At a news conference in Emeryville, officials from the U.S. Chemical Safety Board portrayed a refinery that took a Band-Aid approach to plant maintenance — pipes were often clamped as they aged rather than being replaced, and the section of pipe that ruptured had deteriorated to less than half the thickness of a dime.
The fire that destroyed part of Chevron’s Richmond refinery happened because weak state regulations allowed the company to monitor rather than simply fix potential problems, federal investigators said Monday.
“The bottom line,” Rafael Moure-Eraso, chairman of the U.S. Chemical Safety Board, “is that Chevron had resources, time and technical expertise to know the risks. However, there was no effective intervention before the major accident occurred.
Federal accident investigators urged a complete overhaul of California’s “patchwork” of oil industry regulations Friday at a state legislative hearing into the fire last year at Chevron’s Richmond refinery.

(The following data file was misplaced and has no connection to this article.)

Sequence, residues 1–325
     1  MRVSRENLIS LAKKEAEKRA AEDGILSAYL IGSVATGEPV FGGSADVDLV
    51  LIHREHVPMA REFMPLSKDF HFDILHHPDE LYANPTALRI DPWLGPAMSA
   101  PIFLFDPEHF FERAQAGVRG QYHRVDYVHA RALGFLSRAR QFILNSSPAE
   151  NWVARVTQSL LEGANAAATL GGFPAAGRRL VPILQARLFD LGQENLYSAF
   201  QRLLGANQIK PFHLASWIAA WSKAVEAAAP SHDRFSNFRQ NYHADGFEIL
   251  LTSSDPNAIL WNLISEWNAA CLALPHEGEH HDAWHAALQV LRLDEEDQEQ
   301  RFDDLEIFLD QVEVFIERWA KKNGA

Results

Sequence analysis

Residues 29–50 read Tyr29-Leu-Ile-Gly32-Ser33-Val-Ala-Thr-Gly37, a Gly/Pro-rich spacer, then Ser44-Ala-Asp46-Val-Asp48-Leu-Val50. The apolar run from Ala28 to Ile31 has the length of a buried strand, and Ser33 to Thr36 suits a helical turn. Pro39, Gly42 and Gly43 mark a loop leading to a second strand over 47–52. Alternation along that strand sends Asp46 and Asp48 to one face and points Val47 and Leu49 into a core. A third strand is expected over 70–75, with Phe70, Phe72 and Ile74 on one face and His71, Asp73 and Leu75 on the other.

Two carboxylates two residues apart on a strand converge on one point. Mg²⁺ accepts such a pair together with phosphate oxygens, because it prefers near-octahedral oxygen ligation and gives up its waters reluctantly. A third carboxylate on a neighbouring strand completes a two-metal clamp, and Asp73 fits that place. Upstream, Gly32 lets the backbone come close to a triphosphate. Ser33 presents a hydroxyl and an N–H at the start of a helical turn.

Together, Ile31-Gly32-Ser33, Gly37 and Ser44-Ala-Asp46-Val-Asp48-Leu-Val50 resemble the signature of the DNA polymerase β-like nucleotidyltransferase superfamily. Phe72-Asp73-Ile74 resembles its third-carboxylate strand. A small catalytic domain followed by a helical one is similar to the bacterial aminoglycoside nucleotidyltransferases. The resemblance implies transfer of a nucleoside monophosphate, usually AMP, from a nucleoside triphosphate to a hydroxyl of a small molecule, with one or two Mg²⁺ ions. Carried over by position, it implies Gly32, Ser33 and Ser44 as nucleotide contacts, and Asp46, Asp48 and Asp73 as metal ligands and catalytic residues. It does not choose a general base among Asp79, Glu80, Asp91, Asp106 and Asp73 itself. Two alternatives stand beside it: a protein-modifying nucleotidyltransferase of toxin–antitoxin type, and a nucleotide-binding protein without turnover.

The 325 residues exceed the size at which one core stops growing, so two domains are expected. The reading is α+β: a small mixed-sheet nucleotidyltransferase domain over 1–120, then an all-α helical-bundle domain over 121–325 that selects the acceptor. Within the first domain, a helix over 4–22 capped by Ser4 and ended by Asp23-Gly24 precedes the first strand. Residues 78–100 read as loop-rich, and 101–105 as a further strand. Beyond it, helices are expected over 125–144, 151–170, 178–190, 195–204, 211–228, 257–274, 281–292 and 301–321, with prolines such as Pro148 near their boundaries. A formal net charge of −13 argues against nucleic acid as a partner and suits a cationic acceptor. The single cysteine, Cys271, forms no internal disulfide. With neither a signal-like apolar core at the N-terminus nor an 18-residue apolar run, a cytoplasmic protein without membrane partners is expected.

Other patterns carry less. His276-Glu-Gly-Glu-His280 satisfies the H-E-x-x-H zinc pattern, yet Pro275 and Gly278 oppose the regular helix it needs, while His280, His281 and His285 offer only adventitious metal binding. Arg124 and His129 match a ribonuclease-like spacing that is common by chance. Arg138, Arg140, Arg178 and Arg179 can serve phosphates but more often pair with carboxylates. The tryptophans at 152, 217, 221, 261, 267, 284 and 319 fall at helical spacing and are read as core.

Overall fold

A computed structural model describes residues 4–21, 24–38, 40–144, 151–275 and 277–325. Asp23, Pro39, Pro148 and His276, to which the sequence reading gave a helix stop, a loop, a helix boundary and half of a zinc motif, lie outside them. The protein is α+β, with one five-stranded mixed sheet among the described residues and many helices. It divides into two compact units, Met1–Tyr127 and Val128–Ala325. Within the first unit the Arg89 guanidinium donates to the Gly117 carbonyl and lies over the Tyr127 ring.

“This patchwork system of regulation has serious challenges,” said Don Holmstrom, who is leading the investigation for the U.S. Chemical Safety Board, adding that California’s ineffective regulatory efforts reflect weaknesses in federal and other state oversight programs.
The $1 million fine proposed by Cal/OSHA against Chevron is an insufficient penalty for the damage caused by a fire that broke out at the oil giant’s Richmond refinery last August.
I received tougher punishment in elementary school in the 1970s.
Because a $1 million fine to a company that earns that much in global revenue every two minutes isn’t much of a deterrent. It’s like asking for the loose change in their pocket.
SAN FRANCISCO (AP) — Chevron was fined nearly $1 million by the state on Wednesday in connection with a fire at the company’s San Francisco Bay area refinery last year that sent a cloud of gas and black smoke over residential areas.
The California Division of Occupation Safety and Health said investigators found “willful violations” in Chevron Corp.’s response before, during and after the Aug. 6 fire in Richmond caused by an old, leaky pipe in one of the facility’s crude units.
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